Who is a member?
Our members are the local governments of Massachusetts and their elected and appointed leadership.
Facing an increasingly interconnected global economy and issues like housing and climate change that bleed beyond municipal borders, six metro Boston leaders have made a commitment to work together to develop solutions to regional issues.
The mayors of Boston, Braintree, Quincy and Somerville, and the city managers of Cambridge and Chelsea signed a Greater Boston Regional Economic Compact at Quincy City Hall on Dec. 9.
The compact calls for formal meetings at least every other month between the six communities to develop a strategy for economic growth and development in the region, according to a press release announcing the effort. Those discussions will also cover issues related to economic development such as the housing crunch, transportation and sustainability.
The six communities will jointly hire a coordinator who will facilitate the effort, and each will individually explore hiring a full-time staff member to assist in developing a regional economic strategy. Other communities are welcome to join the effort, as well, the leaders said.
Boston Mayor Martin Walsh told the Boston Globe that the compact is recognition that Greater Boston competes with New York, Silicon Valley and other regions, and that as he advocates and works to grow Boston’s economy, “I’m not going to make a push in the city at the sake of taking business away from another [local] city.”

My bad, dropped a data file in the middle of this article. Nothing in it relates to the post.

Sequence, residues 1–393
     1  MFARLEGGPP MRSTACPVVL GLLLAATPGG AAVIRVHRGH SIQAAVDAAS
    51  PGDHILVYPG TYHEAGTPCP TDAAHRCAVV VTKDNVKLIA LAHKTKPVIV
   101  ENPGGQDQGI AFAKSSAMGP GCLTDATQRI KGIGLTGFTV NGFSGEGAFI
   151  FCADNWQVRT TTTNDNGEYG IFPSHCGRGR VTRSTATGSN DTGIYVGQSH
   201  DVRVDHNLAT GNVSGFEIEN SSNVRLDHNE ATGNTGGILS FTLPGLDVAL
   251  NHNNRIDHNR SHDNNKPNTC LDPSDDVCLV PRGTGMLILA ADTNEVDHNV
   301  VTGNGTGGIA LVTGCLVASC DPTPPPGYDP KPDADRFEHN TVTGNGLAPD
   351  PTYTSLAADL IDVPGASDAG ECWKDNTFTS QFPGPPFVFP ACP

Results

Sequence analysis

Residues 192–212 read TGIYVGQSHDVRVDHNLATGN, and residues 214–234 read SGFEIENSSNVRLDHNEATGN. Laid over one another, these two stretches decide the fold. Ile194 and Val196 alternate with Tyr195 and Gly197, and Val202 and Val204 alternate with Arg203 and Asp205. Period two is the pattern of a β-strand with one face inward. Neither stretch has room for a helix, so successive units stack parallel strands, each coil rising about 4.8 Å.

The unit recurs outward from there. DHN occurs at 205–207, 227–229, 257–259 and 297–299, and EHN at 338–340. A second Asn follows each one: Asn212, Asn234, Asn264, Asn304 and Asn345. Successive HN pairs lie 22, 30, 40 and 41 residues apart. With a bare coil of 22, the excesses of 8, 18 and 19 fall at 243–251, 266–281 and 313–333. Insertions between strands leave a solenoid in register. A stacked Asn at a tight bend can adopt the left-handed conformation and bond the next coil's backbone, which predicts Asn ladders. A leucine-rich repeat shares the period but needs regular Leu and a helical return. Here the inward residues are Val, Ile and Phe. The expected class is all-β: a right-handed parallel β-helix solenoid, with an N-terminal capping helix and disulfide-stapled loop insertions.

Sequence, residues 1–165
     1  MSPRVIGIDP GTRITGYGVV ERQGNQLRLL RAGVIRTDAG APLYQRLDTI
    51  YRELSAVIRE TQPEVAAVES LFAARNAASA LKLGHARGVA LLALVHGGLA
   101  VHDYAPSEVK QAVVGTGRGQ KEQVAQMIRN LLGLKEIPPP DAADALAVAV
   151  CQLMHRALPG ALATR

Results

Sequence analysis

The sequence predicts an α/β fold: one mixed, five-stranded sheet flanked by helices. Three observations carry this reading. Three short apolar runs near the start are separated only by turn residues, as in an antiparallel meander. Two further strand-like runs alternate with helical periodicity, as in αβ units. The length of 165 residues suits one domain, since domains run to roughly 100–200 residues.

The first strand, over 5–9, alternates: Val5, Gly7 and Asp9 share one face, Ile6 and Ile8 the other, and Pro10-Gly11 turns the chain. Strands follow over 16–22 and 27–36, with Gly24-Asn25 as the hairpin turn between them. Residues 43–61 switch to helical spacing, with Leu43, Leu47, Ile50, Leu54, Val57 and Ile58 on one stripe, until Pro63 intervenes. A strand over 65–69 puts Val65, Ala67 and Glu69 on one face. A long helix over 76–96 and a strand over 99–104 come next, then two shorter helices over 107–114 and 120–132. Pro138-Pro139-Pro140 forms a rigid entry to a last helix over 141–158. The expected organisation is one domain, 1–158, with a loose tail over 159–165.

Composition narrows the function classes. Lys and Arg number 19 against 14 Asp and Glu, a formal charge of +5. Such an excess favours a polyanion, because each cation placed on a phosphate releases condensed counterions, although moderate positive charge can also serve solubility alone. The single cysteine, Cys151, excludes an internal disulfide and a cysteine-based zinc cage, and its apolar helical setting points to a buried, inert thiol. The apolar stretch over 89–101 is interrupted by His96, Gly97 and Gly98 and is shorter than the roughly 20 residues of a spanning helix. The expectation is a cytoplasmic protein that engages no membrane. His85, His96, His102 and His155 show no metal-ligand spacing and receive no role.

In a statement, Walsh said, “In order to succeed, it is important that we first recognize that some of our greatest obstacles are not contained within city lines and that regional challenges require regional solutions.”
Chelsea City Manager Thomas Ambrosino said that collaborative planning to foster investment is needed because “the economy of the Boston region is too complex” for each municipality to identify solely as an individual city or town.
The compact is an important first step, according to Somerville Mayor Joseph Curtatone. “If we are to succeed as individual cities as we face 21st century challenges, we must develop our strengths as a region,” he said.
Quincy Mayor Thomas Koch said in the release that he is “proud to be part of such a dynamic partnership,” while Braintree Mayor Joseph Sullivan emphasized growing the regional economy through transportation and housing.
“Solving issues that transcend municipal boundaries requires a fundamental shift to this type innovative collaborative approach,” said Cambridge City Manager Richard Rossi.
The compact follows the formation last year of the Life Sciences Corridor by Boston, Cambridge, Quincy, Somerville and Braintree, a commitment to cooperation specifically in the realm of promoting and growing the life sciences sector along the MBTA Red Line.